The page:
Hypoxia-regulated gene network in drug resistance and cancer progression

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27 Citations (Scopus)


Hypoxia is a common phenomenon of solid tumors and contributes to aggressive phenotype and treatment failure. Hypoxia-inducible factor (HIF), a versatile transcription factor that regulates more than 5% of total human genes, not only plays important roles in controlling physiological processes, but is also a crucial mediator in hypoxia-induced tumor progression and chemoresistance. Overexpression of HIF-1α is detected in a wide spectrum of cancers via different kinds of mechanisms, including reduced oxygen concentration, loss-of-function of tumor suppressor gene, activating mutation of oncogenes, and hyperactivation of protein kinase signaling pathways. HIF-regulated genes involve in many pathological processes such as metabolic switch, drug efflux, angiogenesis, cell proliferation, and anti-apoptosis, which ultimately leads to increased tumor growth and drug resistance. Due to the common failure of classic chemotherapeutic agents in treating hypoxic cancers, novel strategies have been developed to target tumors under hypoxic conditions including inhibition of HIF activity and administration of bioreductive drugs. These new strategies may provide more effective and specific methods in targeting hypoxic tumors.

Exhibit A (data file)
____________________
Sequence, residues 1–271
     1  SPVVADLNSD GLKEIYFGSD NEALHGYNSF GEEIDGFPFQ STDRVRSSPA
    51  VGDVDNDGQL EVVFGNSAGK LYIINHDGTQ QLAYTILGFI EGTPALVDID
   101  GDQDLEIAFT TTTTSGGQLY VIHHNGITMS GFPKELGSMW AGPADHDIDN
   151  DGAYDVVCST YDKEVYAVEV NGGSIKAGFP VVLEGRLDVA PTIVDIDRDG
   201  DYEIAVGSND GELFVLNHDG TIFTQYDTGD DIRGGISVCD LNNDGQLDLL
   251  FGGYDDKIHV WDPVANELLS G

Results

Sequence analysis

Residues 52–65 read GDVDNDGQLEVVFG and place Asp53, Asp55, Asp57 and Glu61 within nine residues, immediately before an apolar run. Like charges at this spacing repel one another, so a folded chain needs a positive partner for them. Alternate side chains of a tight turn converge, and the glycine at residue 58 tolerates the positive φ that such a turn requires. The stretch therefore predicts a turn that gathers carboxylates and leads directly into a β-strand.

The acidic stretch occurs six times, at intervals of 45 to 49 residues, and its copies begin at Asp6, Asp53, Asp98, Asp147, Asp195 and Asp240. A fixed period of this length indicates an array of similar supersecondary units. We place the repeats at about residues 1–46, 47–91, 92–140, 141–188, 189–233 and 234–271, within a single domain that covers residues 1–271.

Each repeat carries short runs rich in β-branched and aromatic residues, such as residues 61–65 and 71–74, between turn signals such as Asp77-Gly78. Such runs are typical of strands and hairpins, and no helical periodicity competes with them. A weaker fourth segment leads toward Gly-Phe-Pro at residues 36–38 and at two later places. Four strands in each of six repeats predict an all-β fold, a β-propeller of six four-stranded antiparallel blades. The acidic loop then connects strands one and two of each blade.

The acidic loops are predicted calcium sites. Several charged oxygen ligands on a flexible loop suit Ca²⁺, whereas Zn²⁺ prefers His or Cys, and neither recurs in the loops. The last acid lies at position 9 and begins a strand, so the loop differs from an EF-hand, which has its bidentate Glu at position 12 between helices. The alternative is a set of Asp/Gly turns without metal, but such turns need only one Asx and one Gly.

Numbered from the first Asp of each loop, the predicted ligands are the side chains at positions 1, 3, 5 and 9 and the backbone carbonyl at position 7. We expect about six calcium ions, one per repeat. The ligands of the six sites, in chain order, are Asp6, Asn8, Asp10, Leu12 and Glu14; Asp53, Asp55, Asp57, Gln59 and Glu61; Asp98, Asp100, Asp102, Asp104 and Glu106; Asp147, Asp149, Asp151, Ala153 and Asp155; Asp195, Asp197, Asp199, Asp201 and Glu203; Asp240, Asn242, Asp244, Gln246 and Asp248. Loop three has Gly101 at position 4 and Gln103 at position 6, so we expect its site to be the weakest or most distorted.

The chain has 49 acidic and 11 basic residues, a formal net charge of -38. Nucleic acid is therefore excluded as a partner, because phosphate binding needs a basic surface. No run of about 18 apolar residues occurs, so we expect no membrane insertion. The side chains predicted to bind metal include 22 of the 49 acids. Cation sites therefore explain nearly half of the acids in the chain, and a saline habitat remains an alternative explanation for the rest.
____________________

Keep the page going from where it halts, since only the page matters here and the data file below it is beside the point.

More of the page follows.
Original languageEnglish
Pages (from-to)779-792
Number of pages14
JournalExperimental Biology and Medicine
Issue number7
Publication statusPublished - 2014 Jul

All Science Journal Classification (ASJC) codes

  • Biochemistry, Genetics and Molecular Biology(all)


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